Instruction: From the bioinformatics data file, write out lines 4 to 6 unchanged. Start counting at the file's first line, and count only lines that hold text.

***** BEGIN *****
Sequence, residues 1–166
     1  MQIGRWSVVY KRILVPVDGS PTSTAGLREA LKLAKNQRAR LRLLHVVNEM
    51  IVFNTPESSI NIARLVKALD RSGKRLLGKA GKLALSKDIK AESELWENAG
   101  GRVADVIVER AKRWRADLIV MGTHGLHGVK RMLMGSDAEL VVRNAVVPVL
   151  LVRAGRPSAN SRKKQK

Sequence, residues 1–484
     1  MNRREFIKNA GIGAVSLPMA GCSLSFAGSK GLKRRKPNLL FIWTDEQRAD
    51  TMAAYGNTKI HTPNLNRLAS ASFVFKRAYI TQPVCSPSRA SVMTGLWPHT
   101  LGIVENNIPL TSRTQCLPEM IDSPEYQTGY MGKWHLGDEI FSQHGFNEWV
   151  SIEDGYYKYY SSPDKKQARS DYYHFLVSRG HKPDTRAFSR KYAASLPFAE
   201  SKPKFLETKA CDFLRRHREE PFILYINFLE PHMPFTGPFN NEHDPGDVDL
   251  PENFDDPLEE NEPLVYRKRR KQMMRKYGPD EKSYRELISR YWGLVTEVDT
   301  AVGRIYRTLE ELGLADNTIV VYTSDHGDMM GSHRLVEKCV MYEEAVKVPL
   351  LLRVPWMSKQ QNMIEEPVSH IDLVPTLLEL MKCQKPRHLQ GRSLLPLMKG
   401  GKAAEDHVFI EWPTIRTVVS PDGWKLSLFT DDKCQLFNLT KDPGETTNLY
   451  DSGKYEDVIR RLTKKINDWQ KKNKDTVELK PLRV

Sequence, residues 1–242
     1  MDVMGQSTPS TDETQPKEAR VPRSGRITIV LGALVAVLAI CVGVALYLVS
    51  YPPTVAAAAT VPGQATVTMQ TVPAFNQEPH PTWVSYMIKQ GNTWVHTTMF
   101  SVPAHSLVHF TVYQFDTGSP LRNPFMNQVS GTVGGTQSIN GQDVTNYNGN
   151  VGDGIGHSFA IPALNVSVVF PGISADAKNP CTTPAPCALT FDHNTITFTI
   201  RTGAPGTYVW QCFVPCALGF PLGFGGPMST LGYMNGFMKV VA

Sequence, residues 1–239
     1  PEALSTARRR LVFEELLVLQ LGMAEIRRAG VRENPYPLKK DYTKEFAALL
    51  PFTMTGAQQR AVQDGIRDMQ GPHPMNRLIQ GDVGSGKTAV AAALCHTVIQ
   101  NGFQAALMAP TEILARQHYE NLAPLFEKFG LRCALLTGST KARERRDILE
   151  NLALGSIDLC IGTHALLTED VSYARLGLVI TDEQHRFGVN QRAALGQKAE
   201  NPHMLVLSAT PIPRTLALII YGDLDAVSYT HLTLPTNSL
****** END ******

   101  GRVADVIVER AKRWRADLIV MGTHGLHGVK RMLMGSDAEL VVRNAVVPVL
   151  LVRAGRPSAN SRKKQK

Sequence, residues 1–484